i caught a bit of the coverage of the sit-down on burnside and on channel 12. it seemed to me the reporters were on the side of the protesters. they emphasized the peacefulness of the sitters, one reporter was in the bystanding crowd that got pushed back and sounded frightened herself by the police push.

they tried to report the message of the protesters, but they had to guess. and the only thing i saw the protesters say (the standing crowd) was the chant 'this is what a police state looks like'.

you ought to thank the reporters that they kept saying this was a peaceful war protest.

if you'd had a media spokesperson you might have even got a message across. you might have had a chance to make the links you're trying to make. defend your position that this is an oil war, and that's why you're blocking traffic. (of course, that's only a guess on my part, because your message didn't get across.)

The medium is the massage 21.Mar.2003 22:52

Skwirl ominous_squirrel@hotmail.com

Unfortunately, the medium of television in its present form is not conducive to meta debates. TV news producers are not going to air footage of one protester speaking calmly about media misinformation when they have footage of another protester shoving his hand into the camera. The TV news philosophy approves trite sound bites and conflict over detailed debate and inaction.

Notice that the two most replayed incidents where a cameraman got hassled were during isolated, counterproductive, and non-peaceful events. I'm thinking of the flag burning and the broken window. Hassling the cameraman just makes these events more newsworthy and more liable to be played over and over again.

On the other hand, the news has no right to embellish isolated events as if they are common or representative of the movement at large.

I know that people are already trying to do this as much as possible, but it's important that we peacefully, verbally confront people who are using destructive tactics. Burning a flag is so fucking cliche, anyway. Fire is not a tool of the peacemaker.

The best damage control we can do is to be on-camera denouncing poorly thought out tactics while they're occuring. I saw one interview with a distraught protester following the flag burning that they rarely replayed. Interviews are boring, but (unfortunately) conflict will sell. Obviously, while you're doing this you can argue that the media will use these events against the movement.

Deconstruction works best in the written mediums. Write polite, but condemning letters to news organizations and keep on posting to Indymedia and other public forums. One major reason for the current blatant media bias is that insane conservative pressure has taught the media to cringe at the label "liberal" as if they were accused of killing puppies. We need to make them equally afraid of conservative biases.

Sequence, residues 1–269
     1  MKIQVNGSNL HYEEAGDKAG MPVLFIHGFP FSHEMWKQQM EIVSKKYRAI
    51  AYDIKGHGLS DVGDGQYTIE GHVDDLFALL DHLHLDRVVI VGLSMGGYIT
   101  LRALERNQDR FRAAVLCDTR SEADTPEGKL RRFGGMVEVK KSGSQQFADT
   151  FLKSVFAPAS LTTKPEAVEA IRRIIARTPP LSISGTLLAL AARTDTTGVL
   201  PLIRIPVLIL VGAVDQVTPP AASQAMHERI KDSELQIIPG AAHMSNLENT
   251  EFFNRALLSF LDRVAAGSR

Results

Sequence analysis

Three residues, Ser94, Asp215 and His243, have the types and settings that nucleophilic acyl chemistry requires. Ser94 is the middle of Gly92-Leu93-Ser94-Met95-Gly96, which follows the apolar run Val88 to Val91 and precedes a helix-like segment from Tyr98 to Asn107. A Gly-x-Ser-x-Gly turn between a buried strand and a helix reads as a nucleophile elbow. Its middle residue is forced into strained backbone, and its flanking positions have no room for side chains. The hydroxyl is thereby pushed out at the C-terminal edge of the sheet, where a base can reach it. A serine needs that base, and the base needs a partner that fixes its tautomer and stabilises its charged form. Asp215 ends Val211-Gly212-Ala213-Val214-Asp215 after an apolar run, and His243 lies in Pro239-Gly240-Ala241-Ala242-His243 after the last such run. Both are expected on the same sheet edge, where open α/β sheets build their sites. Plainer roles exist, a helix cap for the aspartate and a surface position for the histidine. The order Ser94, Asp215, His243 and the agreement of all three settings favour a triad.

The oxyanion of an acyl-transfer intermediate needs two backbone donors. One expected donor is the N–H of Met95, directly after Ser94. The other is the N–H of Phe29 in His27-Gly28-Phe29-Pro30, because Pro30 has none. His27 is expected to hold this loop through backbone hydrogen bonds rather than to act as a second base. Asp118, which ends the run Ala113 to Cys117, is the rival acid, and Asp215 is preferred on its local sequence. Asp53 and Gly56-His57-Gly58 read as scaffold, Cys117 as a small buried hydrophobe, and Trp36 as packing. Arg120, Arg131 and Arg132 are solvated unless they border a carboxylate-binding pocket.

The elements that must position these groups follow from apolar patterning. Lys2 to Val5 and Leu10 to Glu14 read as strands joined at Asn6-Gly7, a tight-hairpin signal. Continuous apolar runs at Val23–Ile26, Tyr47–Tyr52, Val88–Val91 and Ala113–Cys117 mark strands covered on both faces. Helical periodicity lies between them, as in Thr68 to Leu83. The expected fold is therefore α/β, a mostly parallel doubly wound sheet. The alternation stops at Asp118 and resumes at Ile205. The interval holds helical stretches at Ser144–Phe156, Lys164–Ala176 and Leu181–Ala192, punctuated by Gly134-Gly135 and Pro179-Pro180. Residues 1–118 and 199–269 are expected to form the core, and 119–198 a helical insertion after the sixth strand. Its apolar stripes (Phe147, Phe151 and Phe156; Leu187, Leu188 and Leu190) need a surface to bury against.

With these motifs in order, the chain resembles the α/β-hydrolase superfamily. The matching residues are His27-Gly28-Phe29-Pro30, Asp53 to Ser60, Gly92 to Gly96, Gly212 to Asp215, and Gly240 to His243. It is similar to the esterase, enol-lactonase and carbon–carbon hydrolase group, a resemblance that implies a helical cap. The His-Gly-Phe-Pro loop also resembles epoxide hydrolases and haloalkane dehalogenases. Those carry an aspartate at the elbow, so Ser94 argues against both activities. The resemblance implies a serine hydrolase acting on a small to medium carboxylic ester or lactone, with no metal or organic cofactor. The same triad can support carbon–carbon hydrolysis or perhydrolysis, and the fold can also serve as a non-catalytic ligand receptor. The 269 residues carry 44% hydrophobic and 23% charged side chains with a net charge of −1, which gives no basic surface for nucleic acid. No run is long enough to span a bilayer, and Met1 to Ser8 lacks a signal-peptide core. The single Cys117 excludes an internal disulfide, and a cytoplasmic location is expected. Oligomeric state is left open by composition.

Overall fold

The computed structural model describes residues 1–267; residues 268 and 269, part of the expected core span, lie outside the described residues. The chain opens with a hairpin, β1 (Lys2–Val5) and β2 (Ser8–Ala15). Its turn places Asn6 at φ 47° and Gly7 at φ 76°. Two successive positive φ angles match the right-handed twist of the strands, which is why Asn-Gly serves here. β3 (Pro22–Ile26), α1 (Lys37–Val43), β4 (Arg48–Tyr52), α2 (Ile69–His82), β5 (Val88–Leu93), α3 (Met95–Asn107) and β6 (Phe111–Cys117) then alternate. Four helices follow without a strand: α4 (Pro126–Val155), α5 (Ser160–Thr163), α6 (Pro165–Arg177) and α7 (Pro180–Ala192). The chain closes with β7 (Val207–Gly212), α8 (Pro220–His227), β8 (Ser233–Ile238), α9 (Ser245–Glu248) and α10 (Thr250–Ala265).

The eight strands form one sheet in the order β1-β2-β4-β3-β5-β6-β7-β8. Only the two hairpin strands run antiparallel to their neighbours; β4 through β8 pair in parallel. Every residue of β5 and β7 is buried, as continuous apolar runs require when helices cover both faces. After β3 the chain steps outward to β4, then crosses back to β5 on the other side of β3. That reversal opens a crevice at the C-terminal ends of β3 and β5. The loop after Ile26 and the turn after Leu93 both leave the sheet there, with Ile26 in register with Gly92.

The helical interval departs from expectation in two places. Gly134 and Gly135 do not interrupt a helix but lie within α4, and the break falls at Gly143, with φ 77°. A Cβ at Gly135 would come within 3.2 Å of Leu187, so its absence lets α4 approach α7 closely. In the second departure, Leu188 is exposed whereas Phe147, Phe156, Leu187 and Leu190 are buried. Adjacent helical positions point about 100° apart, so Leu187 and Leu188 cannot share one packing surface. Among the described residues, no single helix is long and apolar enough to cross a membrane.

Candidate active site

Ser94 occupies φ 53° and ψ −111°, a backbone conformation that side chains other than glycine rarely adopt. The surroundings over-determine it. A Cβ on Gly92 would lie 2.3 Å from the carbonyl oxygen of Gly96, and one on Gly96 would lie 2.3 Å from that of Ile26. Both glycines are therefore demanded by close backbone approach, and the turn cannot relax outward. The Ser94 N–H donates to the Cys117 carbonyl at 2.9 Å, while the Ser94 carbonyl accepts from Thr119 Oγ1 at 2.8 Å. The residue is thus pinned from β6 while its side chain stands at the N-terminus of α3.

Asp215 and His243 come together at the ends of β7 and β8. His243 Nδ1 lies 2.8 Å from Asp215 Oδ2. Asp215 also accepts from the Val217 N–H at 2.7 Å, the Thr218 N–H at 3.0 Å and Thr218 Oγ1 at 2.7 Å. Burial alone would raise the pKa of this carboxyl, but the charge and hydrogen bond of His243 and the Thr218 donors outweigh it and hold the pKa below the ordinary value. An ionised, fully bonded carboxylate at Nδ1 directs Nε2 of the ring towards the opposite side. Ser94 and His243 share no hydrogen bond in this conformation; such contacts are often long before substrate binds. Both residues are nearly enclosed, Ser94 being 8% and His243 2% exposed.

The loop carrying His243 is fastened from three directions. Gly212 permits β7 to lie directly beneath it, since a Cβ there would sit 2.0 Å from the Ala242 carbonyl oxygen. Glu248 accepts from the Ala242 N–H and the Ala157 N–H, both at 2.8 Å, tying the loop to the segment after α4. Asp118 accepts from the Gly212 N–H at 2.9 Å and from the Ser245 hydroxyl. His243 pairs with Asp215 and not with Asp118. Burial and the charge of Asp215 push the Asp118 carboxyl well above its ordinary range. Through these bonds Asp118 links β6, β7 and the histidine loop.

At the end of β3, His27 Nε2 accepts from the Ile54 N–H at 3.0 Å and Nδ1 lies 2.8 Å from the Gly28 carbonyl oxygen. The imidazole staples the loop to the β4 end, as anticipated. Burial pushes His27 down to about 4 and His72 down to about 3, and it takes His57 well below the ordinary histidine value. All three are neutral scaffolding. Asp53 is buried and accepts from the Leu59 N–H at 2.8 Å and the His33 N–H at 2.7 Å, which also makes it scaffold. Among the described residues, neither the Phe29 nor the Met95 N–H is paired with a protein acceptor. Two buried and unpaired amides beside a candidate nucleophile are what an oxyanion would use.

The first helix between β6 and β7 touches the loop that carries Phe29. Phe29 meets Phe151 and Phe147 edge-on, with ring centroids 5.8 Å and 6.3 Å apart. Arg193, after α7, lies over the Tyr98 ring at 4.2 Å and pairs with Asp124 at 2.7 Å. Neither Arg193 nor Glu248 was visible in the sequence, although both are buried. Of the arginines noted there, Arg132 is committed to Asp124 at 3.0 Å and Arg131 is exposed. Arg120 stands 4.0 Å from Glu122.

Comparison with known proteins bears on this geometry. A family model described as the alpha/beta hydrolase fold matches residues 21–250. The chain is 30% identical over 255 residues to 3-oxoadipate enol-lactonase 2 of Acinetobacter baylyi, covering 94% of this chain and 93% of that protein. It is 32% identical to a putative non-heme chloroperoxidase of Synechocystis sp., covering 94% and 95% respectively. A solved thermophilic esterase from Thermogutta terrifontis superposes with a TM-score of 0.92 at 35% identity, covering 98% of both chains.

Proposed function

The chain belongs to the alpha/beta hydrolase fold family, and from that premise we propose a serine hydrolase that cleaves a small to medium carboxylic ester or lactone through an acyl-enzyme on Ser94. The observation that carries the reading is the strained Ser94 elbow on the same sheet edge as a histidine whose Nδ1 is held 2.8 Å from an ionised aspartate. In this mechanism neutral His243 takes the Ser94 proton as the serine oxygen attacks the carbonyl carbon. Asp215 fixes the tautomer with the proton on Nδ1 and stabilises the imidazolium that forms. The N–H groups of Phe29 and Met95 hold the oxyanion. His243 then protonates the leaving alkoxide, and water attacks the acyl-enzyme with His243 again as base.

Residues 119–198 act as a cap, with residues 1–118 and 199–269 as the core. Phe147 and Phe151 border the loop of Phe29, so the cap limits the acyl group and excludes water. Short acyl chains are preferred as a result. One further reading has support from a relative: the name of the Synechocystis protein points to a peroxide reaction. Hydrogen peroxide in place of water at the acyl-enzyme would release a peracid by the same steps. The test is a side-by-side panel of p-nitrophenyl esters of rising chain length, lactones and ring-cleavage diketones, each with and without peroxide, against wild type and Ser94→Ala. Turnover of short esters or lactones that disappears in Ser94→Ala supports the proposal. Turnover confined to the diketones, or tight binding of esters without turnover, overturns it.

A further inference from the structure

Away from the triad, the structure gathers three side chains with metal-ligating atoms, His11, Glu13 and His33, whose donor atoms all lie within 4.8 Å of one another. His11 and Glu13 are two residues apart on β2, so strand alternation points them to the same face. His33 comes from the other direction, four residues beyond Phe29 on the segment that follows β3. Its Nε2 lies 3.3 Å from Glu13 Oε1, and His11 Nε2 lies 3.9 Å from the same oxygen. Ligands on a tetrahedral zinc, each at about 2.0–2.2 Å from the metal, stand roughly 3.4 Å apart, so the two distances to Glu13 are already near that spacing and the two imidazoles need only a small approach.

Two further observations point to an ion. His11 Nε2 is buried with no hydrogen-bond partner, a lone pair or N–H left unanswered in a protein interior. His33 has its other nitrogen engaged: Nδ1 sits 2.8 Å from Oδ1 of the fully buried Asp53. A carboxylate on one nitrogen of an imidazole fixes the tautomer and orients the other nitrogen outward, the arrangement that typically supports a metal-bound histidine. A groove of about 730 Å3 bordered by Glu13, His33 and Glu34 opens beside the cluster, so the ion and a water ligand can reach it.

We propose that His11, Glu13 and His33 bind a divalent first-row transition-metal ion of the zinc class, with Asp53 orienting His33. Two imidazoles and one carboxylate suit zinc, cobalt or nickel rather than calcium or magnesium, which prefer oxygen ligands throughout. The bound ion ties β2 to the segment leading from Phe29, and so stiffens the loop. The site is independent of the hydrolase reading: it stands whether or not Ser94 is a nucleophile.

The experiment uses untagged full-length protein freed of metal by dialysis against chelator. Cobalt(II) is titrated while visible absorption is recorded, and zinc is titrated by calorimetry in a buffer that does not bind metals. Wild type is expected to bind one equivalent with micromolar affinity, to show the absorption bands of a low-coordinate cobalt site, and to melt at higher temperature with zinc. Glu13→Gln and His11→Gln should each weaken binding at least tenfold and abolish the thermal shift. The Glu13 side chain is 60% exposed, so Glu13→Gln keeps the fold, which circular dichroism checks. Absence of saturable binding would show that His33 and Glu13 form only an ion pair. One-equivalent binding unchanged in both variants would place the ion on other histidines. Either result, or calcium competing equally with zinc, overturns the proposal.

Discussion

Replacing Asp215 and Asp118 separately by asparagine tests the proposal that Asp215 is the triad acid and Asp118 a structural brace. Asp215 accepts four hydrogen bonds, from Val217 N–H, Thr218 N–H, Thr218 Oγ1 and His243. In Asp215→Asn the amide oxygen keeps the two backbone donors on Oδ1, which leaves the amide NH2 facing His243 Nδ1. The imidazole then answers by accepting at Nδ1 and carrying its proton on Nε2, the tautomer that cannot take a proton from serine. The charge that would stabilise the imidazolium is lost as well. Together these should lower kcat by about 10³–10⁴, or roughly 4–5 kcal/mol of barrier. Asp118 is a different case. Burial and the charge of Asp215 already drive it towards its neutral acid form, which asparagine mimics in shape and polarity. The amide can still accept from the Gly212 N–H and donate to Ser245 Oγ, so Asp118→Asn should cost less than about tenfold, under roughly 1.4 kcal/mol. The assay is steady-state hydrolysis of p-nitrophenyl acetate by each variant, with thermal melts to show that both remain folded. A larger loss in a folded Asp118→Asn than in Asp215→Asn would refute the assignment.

the people are the ones who need to know 22.Mar.2003 00:10

Peter Knight peterk83@hotmail.com

When I'm out there and I yell 'fuck the corporate media,' the thrill of it is because I'm yelling it at those parasites, but it's not them that I'm hoping to reach. It's the people of this country who need to recognize that their media is corrupt. The people will change that institution, and it's them that MUST do it, because it will not reform itself just because a small segment of activists ask it to, whether we do so nicely or not. Most folks out there, don't even know that they NEED to ask for media reform. And if they do, they don't know how. The majority of people, really don't see how lied to we all are, and if they suspect it, they feel so isolated, and fucked, they just accept it as part of life. They don't know there's another way. They're the ones we need to appeal to. We have to start talking about this ALL THE TIME, with EVERYONE WE KNOW.

Yes, more media spokespersons for peace and justice actions would be VERY beneficial. And, we must ALL prepare ourselves for that task. And yes, more civil means of discourse with the media is not just seemingly beneficial, but desperately needed. I know I called them 'parasites,' and I stand by that term as being appropriate for the majority of media corporations as they now stand, but of course, it is people we're talking about, and some of them, I know for a fact, feel cheated, and torn, due to the pressure they find applied to them not to ask the powerful questions. Letters should be getting written, essays and articles in accessible periodicals as well.